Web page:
But for now, reservoirs and wells are just the start. Treating the water is also necessary. Water filters are a big part of the story. If you are supporting a water project, ask about the need for water filtration and treatment.

  • Sixty dollars will by a good basic bio-sand filter via Water for Cambodia.
  • Or Ceramic Filters, (they look like clay pots,) which are also recommended, are available through Resource Development International – who also supply water testing kits if you are worried about arsenic levels.

Further reading in this blog:

For more on the politics of water in Cambodia Who owns the Mekong? The intricate politics of water.

Also about the 2016 Drought

For other Facts and Figures about Cambodia




Where there’s smoke…there’s TB. Cambodia joins the fight against smoking.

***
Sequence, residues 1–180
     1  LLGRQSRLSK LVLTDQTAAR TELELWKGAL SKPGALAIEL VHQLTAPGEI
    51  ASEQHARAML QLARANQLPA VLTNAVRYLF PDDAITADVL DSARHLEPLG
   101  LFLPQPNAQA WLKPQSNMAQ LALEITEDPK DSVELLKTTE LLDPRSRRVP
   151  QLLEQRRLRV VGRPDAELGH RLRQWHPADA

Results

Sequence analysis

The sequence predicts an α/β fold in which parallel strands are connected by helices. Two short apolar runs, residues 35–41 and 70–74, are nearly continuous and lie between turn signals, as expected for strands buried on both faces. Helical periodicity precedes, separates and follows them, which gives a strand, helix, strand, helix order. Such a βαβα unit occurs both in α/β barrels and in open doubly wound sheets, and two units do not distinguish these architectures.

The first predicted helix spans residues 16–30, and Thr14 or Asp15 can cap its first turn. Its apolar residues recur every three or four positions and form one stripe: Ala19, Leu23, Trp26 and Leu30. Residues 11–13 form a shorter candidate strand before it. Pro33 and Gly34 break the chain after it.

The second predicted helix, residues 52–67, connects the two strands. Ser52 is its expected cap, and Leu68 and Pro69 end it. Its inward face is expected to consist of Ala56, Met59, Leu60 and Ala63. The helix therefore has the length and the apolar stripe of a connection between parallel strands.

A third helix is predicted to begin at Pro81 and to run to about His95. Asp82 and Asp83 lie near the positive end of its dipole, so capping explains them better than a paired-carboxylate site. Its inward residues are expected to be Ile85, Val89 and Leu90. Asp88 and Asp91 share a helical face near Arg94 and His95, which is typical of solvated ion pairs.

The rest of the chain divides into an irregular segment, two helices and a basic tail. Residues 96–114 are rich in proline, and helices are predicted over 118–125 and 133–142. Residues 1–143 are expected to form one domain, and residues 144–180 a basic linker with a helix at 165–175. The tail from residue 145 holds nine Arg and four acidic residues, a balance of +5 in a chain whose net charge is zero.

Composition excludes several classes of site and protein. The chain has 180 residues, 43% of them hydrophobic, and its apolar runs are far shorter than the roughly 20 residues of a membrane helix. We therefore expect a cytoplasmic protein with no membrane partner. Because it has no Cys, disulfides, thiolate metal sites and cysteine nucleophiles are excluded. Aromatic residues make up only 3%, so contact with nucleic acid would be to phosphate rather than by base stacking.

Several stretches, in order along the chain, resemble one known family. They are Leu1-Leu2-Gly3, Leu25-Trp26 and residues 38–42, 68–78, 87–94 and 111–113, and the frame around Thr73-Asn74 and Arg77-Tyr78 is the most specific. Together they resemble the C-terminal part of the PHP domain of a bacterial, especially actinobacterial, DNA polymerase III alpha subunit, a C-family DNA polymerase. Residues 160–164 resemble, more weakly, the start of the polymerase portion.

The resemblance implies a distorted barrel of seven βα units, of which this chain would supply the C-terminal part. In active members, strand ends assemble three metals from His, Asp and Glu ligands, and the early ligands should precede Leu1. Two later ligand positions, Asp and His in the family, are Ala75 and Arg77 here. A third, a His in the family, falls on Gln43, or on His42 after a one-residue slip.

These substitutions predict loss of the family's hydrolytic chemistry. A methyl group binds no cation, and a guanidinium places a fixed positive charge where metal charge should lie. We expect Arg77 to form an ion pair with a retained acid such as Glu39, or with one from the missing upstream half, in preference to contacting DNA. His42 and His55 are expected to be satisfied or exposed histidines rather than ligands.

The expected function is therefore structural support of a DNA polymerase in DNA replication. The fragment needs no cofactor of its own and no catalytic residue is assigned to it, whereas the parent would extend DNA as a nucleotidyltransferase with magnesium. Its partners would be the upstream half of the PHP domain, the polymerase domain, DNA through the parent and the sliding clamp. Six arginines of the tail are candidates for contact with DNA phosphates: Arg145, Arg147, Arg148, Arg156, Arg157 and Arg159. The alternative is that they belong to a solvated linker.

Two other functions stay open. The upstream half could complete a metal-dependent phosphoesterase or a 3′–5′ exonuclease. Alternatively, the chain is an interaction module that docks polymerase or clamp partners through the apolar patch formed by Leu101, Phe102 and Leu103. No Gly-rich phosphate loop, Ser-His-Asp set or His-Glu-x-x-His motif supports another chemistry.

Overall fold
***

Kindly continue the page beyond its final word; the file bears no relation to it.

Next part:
A problem for health authorities is that cigarettes are priced so cheaply, even the poorest sector can get hooked on smoking.

A problem for health authorities is that cigarettes are priced so cheaply, even the poorest sector can get hooked on smoking. It doesn’t help that a leading Senator is importing cheap cigarettes.

A recent factoid caught my eye the other day –  the value of cigarette imports to Cambodia. Cigarettes  are, by value, one of the leading imports to this nation. What an extremely  unfortunate  thing to trade  in exchange for the hard labour that goes into producing rice,  Cambodia’s leading export crop.

In 1999 one researcher reported that the very poor spend a 2-3 times greater fraction of their income on tobacco relative to the rich. In urban areas, a poor Cambodian might spend in excess of 7% of their income on tobacco, as opposed to 2% or less spent by the affluent. A secondary analysis of the 1999 Socioeconomic Survey of Cambodia indicated that the annual cash expenditure of Cambodian smokers on cigarettes was about $US69.44 million. This annual expenditure on cigarettes is enough to buy 274,304 tons of quality rice, 1,388,382 bicycles, or construct 27,778 wooden houses.

Alarming figures! And that’s without counting the health costs associated with smoking. By 2011 the annual spend on tobacco was just this side of $US100 million.